Leicestershire contains 207 parishes, parts of 7 other parishes, and 26 extra-parochial places; and is divided into the borough of Leicester, and the hundreds of East Goscote, West Goscote, Framland, Gartrees, Guthlaxton, and Sparkenhoe. The registration county gives off 6 parishes and an extra-parochial place to Warwickshire, 9 parishes and a liberty to Rutlandshire, 4 parishes, part of another parish, and an extra-parochial place to Derbyshire, 5 parishes, part of another parish, and an extra-parochial place to Lincolnshire, and 2 parishes to Nottinghamshire; takes in 18 parishes, part of another parish, and an extra-parochial place from Northamptonshire, 3 parishes and parts of 3 others from Warwickshire, 12 parishes from Nottinghamshire, and 7 parishes, parts of 4 other parishes, and an extra-parochial place from Derbyshire; comprises altogether 531,556 acres; and is divided into the districts of Lutterworth, MarketHarborough, Billesdon, Blaby, Hinckley, Market-Bosworth, Ashby-de-la-Zouch, Loughborough, Barrow-upon-Soar, Leicester, and Melton-Mowbray. The county town is Leicester; the other towns with upwards of 2,000 inhabitants, are Loughborough, Hinckley, MeltonMowbray, Ashby-de-la-Zouch, Market-Harborough, Castle-Donington, and Lutterworth; and there are about 560 smaller towns, villages, and hamlets. The chief seats are Belvoir-Castle, Donington Park, Stapleford Hall, Staunton-Harold Hall, Bradgate Hall, Gopsall Park, Buckminster Hall, Burton Hall, Egerton Lodge, Gumley Hall, Keythorpe Hall, Kirkby Hall, Knipton Lodge, Lubenham Hall, Hallaton Manor House, Newport Lodge, Swithland Hall, Wheeler Lodge, Bosworth Park, Coleorton Hall, the Elms, Lowesby Hall, Noseley Hall, Roecliffe Hall, Wanlip Hall, Wistow Hall, Allexton Hall, Asfordby House, Aylestone Hall, Baggrave Hall, Barkby Hall, Bean Manor Park, Belgrave House, Birstall Hall, Bitteswell Hall, Blaby Hall, Bosworth Hall, Braunstone House, Breedon Lodge, Burbage House, Carlton-Curlieu Hall, Catthorpe Hall, Catthorpe Lodge, Charley Hall, Claybrooke Hall, Cliffe House, Cold Overton Hall, the Coplow, Craven Lodge, Croft Hall, Dalby Hall, Edmondthorpe Hall, Enderby Hall, Evington Hall, Four Elms Lodge, Frith House, Gaddesby Hall, Garendon Park, Goadby Hall, Grace Dieu Manor, Grangewood House, Great Stretton Hall, Hallaton Hall, Heather Hall, Highcroft House, Hill House, Holt Hall, Kibworth-Harcourt Hall, Knossington, Langley Priory, Launde Abbey, Leesthorpe Hall, Lindley Hall, Little Peatling Hall, Lockington Hall, Loddington Hall, Newton-Harcourt House-house, Glen-Parva Manor-house, Melton-Mowbray Lodge, Misterton Hall, Nether Seal Hall, Nether Seal Old Hall, Normanton Hall, Norris-Hill Hall, North Kilworth House, Orton Hall, Osbaston Hall, Quenby Hall, Quorndon Hall, Quorndon House, Ragdale Hall, Ratcliffe Hall, Raveustone Hall, Ravenstone House, Rolleston Hall, Rotherwood House, Rothley Temple, Scraptoft Hall, Sheepy Hall, Shelbrook House, Shenton Hall, Shrubbery House, Skeffington Hall, Sketchley Hall, Snarestone Lodge, Somerby Grove, Somerby Hall, Southfield House, Stanford Hall, Stockerston Hall, Stoughton Grange, Sysonby Lodge, Wartnaby Hall, West Langton Hall, Whatton House, Wigston Hall, and Withcot Hall.
The county is governed by a lord lieutenant, about 20 deputy lieutenants, and about 230 magistrates; is in the NE military district, and in the Midland judicial circuit; and constitutes an archdeaconry in the diocese of Peterborough. The assizes and the quarter sessions are held at Leicester. The county jail and a borough jail are at Leicester. The police force, in 1864, exclusive of that for Leicester borough, comprised 98 men, at an annual cost of £8,397. The crimes committed in the year ending 29 Sept. 1864, exclusive of those in Leicester borough, were 149; the persons apprehended 141; the depredators and suspected persons at large, 711; the houses of bad character, 53. Two members are sent to parliament by Leicester borough; two by the N division of the county; and two by the S division. Loughborough and Leicester are the places of election for the two divisions; and there are 8 polling-places in each division. Electors of the N division, in 1865,4,767,- of whom 3,390 were free-holders, 9 were copy-holders, and 1,190 were occupying tenants; of the S division, 6,283,-of whom 4,820 were free-holders, 118 were copy-holders, and 1,092 were occupying tenants. Poorrates for the registration county in 1863, £115,325. Marriages in 1863,2,029,-of which 473 were not according to the rites of the Established Church; births, 8,913,-of which 702 were illegitimate; deaths, 6,145, -of which 2,876 were at ages under 5 years, and 123 were at ages above 85. Marriages in the ten years 1851-60,19,232; births, 82,296; deaths, 52,513. The places of worship within the electoral county, in 1851, were 289 of the Church of England, with 82,964 sittings; 41 of Independents, with 11,988 s.; 10 of General Baptists, with 1,530 s.; 45 of New Connexion General Baptists, with 14,422 s.; 25 of Particular Baptists, with 7,349 s.; 5 of Baptists undefined, with 700 s.; 1 of Lady Huntingdon's Connexion, with 170 s.; 3 of Quakers, with 535 s.; 3 of Unitarians, with 1,270 s.; 129 of Wesleyan Methodists, with 21,739 s.; 1 of New Connexion Methodists, with 150 s.; 53 of Primitive Methodists, with 7,930 s.; 6 of the Wesleyan Association, with 1,350 s.; 1 of Independent Methodists, with 250 s.; 11 of Wesleyan Reformers, with 1,603 s.; 1 of the New Church, with 35 s.; 12 of isolated congregations, with 1,983 s.; 7 of Latter Day Saints, with 710 s.; and 12 of Roman Catholics, with 2,537 s. The schools were 278 public day schools, with 19,392 scholars; 431 private day schools, with 8,862 s.; 432 Sunday schools, with 36,282 s.; and 20 evening schools for adults, with 784 s. Real property, in 1815, £951,908; in 1843, £1,376,384; in 1860, £1,394,988, - of which £50,227 were in mines, £3,421 in quarries, £17 in ironworks, £73 in fisheries, £7,562 in canals, £1,580 in railways, and £6,777 in gas-works. Pop. in 1801, 130,082; in 1821,174,571; in 1841,215,867; in 1861, 237,412. Inhabited houses, 51,894; uninhabited, 2,673; building, 211.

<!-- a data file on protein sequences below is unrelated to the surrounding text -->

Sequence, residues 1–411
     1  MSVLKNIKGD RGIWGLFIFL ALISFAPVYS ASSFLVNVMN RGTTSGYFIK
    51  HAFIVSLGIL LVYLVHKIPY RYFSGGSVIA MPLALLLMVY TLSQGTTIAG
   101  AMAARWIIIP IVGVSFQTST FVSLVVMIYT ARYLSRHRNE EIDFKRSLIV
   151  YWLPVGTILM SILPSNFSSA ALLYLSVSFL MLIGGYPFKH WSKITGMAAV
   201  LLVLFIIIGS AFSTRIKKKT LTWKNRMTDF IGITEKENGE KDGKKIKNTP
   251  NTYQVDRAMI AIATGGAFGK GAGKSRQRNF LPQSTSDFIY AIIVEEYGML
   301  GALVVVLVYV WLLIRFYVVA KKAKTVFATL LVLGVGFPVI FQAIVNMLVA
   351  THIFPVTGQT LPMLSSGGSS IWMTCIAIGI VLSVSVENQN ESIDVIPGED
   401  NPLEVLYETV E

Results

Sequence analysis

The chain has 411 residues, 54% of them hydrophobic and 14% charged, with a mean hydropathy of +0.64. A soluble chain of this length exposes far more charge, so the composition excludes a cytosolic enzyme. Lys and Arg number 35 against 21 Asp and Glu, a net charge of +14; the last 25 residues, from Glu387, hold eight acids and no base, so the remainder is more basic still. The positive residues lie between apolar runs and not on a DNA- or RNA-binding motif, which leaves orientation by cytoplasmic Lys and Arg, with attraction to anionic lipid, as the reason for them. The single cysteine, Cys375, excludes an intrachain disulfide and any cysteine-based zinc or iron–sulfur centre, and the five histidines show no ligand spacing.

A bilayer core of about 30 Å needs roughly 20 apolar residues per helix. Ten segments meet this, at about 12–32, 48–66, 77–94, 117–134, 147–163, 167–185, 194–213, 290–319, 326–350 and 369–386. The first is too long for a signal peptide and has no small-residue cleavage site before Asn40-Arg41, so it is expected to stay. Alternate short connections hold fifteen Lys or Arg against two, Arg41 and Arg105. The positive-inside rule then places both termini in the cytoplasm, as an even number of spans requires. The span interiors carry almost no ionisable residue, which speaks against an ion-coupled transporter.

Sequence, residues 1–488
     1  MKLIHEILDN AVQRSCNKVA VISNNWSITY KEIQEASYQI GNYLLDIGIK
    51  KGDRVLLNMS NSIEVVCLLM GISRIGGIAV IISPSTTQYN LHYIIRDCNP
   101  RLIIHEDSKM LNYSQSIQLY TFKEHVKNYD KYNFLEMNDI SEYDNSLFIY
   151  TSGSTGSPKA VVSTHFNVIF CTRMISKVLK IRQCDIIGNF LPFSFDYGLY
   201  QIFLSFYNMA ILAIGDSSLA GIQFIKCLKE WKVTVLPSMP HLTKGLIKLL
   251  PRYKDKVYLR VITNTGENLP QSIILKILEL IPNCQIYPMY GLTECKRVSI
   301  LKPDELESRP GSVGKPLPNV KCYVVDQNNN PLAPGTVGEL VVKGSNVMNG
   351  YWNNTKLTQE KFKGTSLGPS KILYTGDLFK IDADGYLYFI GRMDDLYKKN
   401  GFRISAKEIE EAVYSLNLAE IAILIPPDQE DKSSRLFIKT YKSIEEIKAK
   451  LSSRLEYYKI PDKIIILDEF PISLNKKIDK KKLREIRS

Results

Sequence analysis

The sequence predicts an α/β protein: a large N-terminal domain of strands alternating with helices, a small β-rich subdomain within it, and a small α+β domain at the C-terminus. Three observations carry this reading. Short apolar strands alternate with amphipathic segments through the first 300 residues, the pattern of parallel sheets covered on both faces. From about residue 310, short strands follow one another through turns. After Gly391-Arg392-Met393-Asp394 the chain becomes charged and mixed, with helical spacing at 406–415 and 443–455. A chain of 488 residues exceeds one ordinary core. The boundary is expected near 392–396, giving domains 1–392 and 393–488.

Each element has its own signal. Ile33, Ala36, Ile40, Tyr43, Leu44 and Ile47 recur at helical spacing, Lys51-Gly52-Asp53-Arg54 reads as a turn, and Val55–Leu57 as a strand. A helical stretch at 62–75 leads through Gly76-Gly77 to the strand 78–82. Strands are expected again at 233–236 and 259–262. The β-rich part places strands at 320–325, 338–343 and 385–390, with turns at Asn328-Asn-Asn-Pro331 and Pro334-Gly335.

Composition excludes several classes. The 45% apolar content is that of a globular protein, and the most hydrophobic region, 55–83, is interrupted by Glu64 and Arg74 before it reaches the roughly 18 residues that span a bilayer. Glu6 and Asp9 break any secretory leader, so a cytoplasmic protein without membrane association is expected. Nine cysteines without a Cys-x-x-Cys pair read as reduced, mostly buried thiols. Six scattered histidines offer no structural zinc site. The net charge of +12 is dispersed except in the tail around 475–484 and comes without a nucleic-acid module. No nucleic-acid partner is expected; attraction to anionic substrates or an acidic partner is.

The territory now forming Leicestershire was inhabited by the ancient British tribe Coritani; was included, by the Romans, in their province of Flavia Cæsariensis; formed part of the Saxon kingdom of Mercia; was held by the Danes, within the Danelagh or Dane-laga, from 874 till 942; was distributed, by William the Conqueror among his Norman followers; bore the name of Ledecestrescire at Domesday; suffered much disaster, by rebellion of its barons, in the times of Henry II., John, and Henry III.; was the scene of the first promulgation of the doctrines of Wickliffe; was the scene also of the meeting of the parliament which enacted death against the Wickliffites; and was the scene of the battle of Bosworthfield, and of varions conflicts between the royalists and the parliamentarians in the time of Charles I. The Romans had towns at Leicester, Vernometum, and Mancetter; they had settlements or strengths also at Narborough, Loughborough, Market-Harborough, Broughton-Astley, Queeniborough, Overcester, Whatborough, Wellesborough, Bramborough, Burrough, Nether-Broughton, Sharnford, Blackfordby, Acresford, Thornborough, Desford, Scalford, Swinford, Linford, Burbage, BurtonOvery, Burton-Lazars, Burton-on-the-Wolds, and Staunton-Harold; and they connected the most important of these places with one another, or with their stations in other counties, by the Fosse-way, the Via Devana, the Salt Way, and Watling-street. Tumuli or barrows are at Shipley, Gilmarton, Syston, Medbourn, and some place's on the hills. Roman camps are at Barrow, Ratby, Kibworth, Knaptoft, Hallaton, Lubbenham, and Dowbridge. Many castles were built by the Normans; but most of the earlier ones were destroyed in the times of Henry II., John, and Henry III.; and few have left any considerable vestiges. Abbeys were at Leicester, Croxton, Garendon, and Owston, and there were many priories. Ancient churches, of interesting character, are at Leicester, Lutterworth, Horning hold, Bottesford, and MeltonMowbray.
(John Marius Wilson, Imperial Gazetteer of England and Wales (1870-72))
|Feature Description:||"an inland county" (ADL Feature Type: "countries, 2nd order divisions")|
|Administrative units:||Leicestershire AncC|
|Place names:||LEICESTER | LEICESTERSHIRE | LEICESTERSHIRE OR LEICESTER|